Testing and diagnosis of PHTS

The diagnosis of PHTS disorders may be suspected based on the presence of a certain number and type of clinical features in an affected individual.

Major clinical features that are distinctly characteristic of PHTS include (NCCN 2018):

  • Macrocephaly (head circumference greater than the 97th percentile for age)
  • Follicular thyroid cancer
  • Breast cancer
  • Malignant tumor of the endometrium (females)
  • Multiple gastrointestinal hamartomas or ganglioneuromas
  • Freckling on the head of the penis (glans)
  • Mucocutaneous lesions: trichilemmomas (facial), acral keratoses, papillomatous lesions, and/or mucosal lesions
  • Adult Lhermitte-Duclos disease (LDD): a hamartomatous overgrowth in a particular area of the brain known as the cerebellum

Minor findings include:

  • Other types of thyroid cancer (papillary or follicular variant of papillary thyroid cancer)
  • Other types of benign thyroid lesions (such as thyroid adenomas or other benign nodules)
  • Intellectual disability (IQ less than 75), hyperactivity (ADHD) and/or autism spectrum disorder
  • Colon cancer
  • Esophageal glycogenic acanthoses (three or more) Lipomas (three or more)
  • Renal cell carcinoma
  • Testicular lipomatosis
  • Vascular anomalies

A clinical diagnosis of PHTS can be made regardless of whether the affected individual has major or minor findings, as long as certain criteria are met. Generally, a geneticist or genetic counselor who specializes in cancer syndromes can help establish a clinical diagnosis that can be confirmed by genetic testing.

If there is any indication your child may have PHTS, they should be referred to a nationally recognized facility that has the experience, expertise and resources to fully evaluate your child. At Children’s Hospital of Philadelphia (CHOP), a diagnosis of PHTS begins with a complete medical and family history, as well as a comprehensive physical exam.

A doctor or genetic counselor may construct a pedigree, or a multi-generation family tree, that indicates which members of the family have developed certain clinical findings or cancer, taking note of the types of cancer and the ages of onset.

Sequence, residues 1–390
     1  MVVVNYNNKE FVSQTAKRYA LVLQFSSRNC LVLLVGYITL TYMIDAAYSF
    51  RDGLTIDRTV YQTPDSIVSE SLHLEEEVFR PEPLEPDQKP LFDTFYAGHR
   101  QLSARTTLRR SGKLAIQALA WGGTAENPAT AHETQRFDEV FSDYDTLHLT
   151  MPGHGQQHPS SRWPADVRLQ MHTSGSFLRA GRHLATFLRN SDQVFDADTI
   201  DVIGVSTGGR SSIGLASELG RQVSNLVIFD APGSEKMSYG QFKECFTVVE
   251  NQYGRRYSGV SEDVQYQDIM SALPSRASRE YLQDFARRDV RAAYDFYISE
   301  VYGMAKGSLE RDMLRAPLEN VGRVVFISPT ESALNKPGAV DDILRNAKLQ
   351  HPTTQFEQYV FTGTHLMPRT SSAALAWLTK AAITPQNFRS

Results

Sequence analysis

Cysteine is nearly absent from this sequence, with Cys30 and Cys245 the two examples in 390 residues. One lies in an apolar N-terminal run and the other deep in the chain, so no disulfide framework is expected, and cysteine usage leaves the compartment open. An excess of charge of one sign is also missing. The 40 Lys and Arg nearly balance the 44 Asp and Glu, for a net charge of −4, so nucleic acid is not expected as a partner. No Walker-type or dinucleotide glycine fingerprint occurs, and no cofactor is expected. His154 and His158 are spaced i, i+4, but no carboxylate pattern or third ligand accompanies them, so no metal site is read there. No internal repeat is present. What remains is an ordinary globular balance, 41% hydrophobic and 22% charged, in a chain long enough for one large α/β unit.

If the pattern of clinical features and/or cancers is suggestive of PHTS, the physician or genetic counselor will recommend genetic testing be performed. A definitive diagnosis of PHTS is made only when an alteration in the PTEN gene is identified.

In order to determine on a molecular level if your child has PHTS, a genetic test must be completed. A sample of your child’s blood will be collected, then their DNA will be isolated and analyzed to determine if there are any alternations to the PTEN gene. If an alteration is found, the genetic counselor will investigate further to determine if what was found in your child’s DNA has been previously reported in other individuals with PHTS.

Determining the type of mutation may help clinicians better predict the course of your child’s illness and customize treatment plans and long-term monitoring. PTEN genetic test results can also provide important information for other family members. Knowing the specific alteration that is present in an individual with PHTS allows for other family members to undergo testing in order to determine whether they also carry the alteration and could therefore develop the features of PHTS.